Recently on our legal forum a user asked, “I filed my divorce petition several months ago. I was just notified that the court is about to dismiss my divorce case for inactivity. Can you give me more information about what might be going on and what steps I need to take to finalize my divorce? My spouse has not been cooperative, and I think that might be the issue.”
It’s estimated that 40 to 50% of all marriages end in divorce. That’s means thousands of divorce cases are filed each year in court houses across the United States. Courts, concerned with inactive cases which are crowding the court system, will periodically review cases which have not had activity within a specified time and send notifications to the appropriate parties through a Dismissal for Want of Prosecution (DWOP) if immediate action is not taken.
Divorce case: Dismissal for Want of Prosecution (DWOP)?
You mentioned your spouse has not been cooperative. If you have received a notification that your divorce case may be dismissed for inactivity this is the place to start investigating. There are several reasons a divorce case may be inactive and specific actions a courts will take if steps are not immediately initiated.
For example, if you attempted to serve divorce papers on your spouse but your spouse could never be located, your divorce may have stalled. Additionally, if your spouse failed to attend necessary court dates, did not respond to the papers he was served, missed other filing deadlines, or failed to provide information for Discovery when asked, your divorce case may have stalled.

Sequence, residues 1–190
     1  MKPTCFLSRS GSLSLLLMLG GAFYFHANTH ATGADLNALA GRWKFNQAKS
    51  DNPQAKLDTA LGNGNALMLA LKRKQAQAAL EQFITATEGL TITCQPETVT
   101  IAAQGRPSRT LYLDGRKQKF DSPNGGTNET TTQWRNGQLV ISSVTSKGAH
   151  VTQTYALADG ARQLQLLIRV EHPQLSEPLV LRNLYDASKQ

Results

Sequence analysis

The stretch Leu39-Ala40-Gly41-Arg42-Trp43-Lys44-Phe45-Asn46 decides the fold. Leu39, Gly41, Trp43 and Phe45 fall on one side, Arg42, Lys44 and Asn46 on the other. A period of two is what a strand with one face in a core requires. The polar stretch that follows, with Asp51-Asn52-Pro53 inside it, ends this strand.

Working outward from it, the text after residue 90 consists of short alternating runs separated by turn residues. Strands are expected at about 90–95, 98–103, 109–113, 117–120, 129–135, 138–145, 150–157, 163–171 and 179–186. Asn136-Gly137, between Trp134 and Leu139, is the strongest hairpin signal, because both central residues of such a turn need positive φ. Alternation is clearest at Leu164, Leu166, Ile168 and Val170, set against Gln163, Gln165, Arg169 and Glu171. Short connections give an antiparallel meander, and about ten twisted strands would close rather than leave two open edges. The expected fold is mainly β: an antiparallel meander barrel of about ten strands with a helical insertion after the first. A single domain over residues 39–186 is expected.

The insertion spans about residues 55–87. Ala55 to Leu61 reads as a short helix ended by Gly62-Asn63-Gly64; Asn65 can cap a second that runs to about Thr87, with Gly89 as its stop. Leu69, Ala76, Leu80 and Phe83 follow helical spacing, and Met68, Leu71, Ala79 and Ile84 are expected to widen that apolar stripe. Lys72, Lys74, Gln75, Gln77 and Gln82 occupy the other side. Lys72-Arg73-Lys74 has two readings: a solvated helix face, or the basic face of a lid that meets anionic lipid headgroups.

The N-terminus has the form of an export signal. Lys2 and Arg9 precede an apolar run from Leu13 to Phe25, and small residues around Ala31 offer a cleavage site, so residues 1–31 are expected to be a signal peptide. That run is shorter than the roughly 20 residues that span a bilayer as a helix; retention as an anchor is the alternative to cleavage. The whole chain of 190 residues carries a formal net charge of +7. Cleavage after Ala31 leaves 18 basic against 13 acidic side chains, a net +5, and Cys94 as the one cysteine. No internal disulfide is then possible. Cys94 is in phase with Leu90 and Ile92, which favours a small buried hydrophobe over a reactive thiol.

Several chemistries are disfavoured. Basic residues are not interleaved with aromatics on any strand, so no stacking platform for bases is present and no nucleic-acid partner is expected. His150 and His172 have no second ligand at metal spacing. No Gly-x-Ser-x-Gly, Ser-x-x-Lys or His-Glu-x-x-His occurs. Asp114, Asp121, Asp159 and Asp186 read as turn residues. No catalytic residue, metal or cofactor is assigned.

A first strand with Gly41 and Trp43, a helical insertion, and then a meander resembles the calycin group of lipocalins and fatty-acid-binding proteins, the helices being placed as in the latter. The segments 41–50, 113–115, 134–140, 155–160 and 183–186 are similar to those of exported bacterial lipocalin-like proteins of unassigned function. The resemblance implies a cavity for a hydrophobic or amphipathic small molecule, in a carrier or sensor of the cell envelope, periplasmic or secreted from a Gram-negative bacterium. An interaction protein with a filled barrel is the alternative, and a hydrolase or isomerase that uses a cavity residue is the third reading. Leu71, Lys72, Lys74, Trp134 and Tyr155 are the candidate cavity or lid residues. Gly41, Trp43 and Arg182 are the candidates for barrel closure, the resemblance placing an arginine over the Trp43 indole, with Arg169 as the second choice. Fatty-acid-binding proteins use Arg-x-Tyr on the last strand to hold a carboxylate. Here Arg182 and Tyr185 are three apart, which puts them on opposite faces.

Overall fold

What can you do? You need to talk to your divorce lawyer and investigate reasons for the potential dismissal. Depending on the reason for the warning there are certain steps you can take. For example, if papers were served on your spouse but he did not respond, you have the legal right to request a default judgment from the court. If he will not provide information to the court when requested, you can file a motion to compel discovery.
The good news is that you have legal actions you can take to solve your problem. You can stop the court from dismissing the case.
Other reasons a divorce case can be dismissed
Now, you did not specifically ask this question, but it’s important to address. There are a number of other reasons your case could be dismissed.
For example, dismissals can also occur if you and your spouse request a dismissal because you would like to attempt reconciliation, you need to request an annulment instead of a divorce, the court involuntarily dismisses the case for technical reasons, or you and your spouse decide to voluntarily request a dismissal prior to the final judgment for any reason (i.e. you decide not to file for divorce until your children have left the house).
Divorce is a legal procedure. There are specific processes and procedures which must be followed to complete the divorce. Failure to follow these procedures can result in a dismissal.
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